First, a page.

The far-right party was not far from controversy this week – an altered version of the BNP’s party election broadcast, featuring an image of the food extract Marmite led to a threat of legal action by Unilever. Griffin claimed that the image had been added by someone who had received the broadcast for review, but also said it had been inserted in response to a recent advertising campaign by Marmite which he claimed mocked the party. The party would later settle out of court for an unknown amount, estimated at up to £170,000.
The decision by the BBC to air its broadcast (sans Marmite) led to protests at Broadcasting House in London by the anti-fascist groups Hope Not Hate and Unite Against Fascism.
In other news
A small selection of some of the other stories that made headlines this week 10 years ago:
- David Cameron promises legislation to force new unelected prime ministers to call an election within six months of taking office
- Gordon Brown attacks Conservative plans for cuts which would “put the recovery at risk”
- Nick Clegg said he would not help Gordon Brown “squat in Number 10”, and hinted that the price for a coalition deal could be a change in the voting system – Cameron expressed his support for first past the post
- The election is postponed in the constituency of Thirsk and Malton, after the UKIP candidate passed away from a heart attack
- The oil drilling platform Deepwater Horizon explodes in the Gulf of Mexico, killing 11 workers and creating one of the largest oil spills in history across the US coastline
- British airports reopened and passenger flights resumed after a shutdown caused by the Eyjafjallajökull volcanic eruption in Iceland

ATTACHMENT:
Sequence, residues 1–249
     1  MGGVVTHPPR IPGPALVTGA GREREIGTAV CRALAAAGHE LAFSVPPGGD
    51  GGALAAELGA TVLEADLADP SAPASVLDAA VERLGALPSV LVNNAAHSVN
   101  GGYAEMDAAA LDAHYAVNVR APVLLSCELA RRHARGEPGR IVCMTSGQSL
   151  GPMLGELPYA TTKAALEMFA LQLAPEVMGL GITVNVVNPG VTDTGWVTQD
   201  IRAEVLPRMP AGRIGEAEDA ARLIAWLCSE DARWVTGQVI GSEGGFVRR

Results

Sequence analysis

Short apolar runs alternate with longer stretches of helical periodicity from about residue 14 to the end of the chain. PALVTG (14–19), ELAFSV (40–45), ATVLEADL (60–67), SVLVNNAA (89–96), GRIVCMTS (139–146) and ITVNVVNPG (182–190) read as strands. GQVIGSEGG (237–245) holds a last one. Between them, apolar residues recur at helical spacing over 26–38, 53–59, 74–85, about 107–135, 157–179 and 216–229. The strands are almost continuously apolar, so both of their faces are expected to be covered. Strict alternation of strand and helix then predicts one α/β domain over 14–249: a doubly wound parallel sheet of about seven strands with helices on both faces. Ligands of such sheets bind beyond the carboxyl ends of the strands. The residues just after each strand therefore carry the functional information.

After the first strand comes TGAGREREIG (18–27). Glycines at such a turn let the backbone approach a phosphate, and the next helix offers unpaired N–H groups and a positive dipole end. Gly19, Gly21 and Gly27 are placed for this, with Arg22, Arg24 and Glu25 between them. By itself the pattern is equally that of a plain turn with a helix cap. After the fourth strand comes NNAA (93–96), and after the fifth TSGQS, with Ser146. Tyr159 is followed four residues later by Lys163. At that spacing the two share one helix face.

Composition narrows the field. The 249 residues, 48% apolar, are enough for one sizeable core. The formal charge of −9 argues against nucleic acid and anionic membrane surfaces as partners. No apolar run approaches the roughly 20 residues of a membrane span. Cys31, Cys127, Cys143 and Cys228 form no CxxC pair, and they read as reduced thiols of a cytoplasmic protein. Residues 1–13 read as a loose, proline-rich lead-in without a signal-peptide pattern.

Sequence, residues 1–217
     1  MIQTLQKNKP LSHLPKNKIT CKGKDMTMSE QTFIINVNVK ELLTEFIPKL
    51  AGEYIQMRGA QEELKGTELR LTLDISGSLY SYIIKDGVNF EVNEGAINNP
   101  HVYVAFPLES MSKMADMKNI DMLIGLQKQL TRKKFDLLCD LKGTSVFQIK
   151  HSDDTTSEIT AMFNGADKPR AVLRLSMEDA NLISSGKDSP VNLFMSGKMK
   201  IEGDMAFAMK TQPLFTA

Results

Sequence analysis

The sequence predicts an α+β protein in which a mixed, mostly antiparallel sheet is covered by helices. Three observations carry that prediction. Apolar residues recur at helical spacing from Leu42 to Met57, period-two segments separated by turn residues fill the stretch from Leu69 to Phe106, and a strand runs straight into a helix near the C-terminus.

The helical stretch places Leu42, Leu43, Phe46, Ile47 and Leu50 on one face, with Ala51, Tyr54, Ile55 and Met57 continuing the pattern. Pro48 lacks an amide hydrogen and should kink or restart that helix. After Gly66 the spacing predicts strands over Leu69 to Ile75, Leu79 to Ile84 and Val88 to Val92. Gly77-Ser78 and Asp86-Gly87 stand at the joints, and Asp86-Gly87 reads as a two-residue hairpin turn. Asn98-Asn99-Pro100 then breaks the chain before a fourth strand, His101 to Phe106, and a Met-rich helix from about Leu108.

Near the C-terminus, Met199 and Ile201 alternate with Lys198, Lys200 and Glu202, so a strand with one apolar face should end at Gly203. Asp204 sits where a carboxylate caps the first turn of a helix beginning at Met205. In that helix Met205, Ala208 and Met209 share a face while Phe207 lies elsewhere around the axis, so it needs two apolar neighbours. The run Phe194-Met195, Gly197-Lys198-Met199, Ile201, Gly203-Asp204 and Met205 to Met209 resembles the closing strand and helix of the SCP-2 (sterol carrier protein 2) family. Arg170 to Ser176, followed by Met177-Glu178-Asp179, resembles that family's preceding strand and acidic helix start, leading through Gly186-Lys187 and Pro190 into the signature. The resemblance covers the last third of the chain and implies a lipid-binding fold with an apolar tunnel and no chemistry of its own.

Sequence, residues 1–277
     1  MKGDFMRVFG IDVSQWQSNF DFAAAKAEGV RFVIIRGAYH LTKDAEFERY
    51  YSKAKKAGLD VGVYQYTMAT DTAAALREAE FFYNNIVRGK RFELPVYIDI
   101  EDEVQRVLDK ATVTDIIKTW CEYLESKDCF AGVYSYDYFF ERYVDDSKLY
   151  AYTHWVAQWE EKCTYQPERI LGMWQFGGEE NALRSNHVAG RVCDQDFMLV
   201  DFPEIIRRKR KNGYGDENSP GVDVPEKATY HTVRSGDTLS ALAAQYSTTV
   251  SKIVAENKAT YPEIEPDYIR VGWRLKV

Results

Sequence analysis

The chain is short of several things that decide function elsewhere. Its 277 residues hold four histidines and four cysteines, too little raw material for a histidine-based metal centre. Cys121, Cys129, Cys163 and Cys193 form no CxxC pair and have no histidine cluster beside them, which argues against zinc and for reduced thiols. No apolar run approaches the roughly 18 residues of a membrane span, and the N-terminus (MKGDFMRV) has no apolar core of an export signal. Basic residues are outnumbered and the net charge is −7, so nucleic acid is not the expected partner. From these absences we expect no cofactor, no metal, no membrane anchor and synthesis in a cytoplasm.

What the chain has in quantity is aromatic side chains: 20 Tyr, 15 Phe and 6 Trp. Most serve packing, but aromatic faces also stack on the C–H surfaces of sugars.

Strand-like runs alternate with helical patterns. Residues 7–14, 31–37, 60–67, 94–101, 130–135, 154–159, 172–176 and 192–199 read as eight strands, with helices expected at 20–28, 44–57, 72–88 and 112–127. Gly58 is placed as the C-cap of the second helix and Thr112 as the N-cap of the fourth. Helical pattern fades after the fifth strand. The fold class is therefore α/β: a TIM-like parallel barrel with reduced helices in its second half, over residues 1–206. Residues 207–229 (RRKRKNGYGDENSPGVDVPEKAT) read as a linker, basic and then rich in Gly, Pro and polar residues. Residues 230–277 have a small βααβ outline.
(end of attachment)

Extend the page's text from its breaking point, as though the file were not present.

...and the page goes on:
- A medical team in Barcelona announce the success of the world’s first full-face transplant
- Russia and Ukraine sign the Kharkiv Pact, leasing naval facilities in Crimea until 2042 – the treaty was terminated in March 2014 after the illegal annexation of Crimea by Russia
- Bishops in England and Wales offer an apology for the sexual abuse of children that took place within the Catholic Church
- In an interview with the Telegraph, UKIP leader Lord Pearson controversially suggests voters should support eurosceptic MPs from the Conservatives and Labour, even in seats where the party is standing candidates
- Up to 36,000 people take part in the London Marathon
- Palestinian Islamic group Hamas release an animated cartoon to persuade Israel to trade hundreds of jailed Palestinians for the hostage Gilad Shalit, an Israeli soldier held in Gaza since 2006 – he was eventually released in 2011 in exchange for the release of over 1,000 Palestinian prisoners
The effects of ‘Cleggmania’ began to wane this week, turning into a battle for second place between Labour and the Liberal Democrats. The Conservatives averaged 33.4 percent this week, down slightly on their 34.1 percent last week. Meanwhile, the Liberal Democrats overtook Labour for second place with 29.7 percent on average, up from 26.8 percent last week. Labour’s average fell 1.2 percent to 27 percent.
A rough seat projection from the BBC’s election model at the time puts the Conservatives ahead of Labour by only one seat, with the Liberal Democrats 160 seats behind Labour – despite being almost three points ahead of them in the polls.
Such a result would mean Clegg would have the power to support either party in a hung parliament and provide a comfortable majority.
Next week, the party leaders face each other for the last time amid a growing three-horse race, newspapers start to announce their endorsements, and Brown is caught on mic making some remarks about a Labour voter.